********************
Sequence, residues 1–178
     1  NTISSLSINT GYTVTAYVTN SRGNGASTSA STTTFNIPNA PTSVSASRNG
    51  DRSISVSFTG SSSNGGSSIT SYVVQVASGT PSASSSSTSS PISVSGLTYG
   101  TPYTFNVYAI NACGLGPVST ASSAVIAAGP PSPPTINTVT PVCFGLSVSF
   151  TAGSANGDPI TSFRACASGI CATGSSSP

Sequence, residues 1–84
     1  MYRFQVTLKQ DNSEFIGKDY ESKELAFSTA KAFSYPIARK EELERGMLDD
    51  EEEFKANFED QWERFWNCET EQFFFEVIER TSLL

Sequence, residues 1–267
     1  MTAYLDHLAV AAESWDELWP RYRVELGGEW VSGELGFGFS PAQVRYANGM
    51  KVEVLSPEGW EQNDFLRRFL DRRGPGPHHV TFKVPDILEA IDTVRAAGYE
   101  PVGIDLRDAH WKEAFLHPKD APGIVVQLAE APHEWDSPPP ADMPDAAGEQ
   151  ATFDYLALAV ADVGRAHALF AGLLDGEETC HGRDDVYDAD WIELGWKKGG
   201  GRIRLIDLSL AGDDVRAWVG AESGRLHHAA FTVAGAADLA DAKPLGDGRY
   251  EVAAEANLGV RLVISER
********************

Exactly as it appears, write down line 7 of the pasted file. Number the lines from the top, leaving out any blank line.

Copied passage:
     1  MYRFQVTLKQ DNSEFIGKDY ESKELAFSTA KAFSYPIARK EELERGMLDD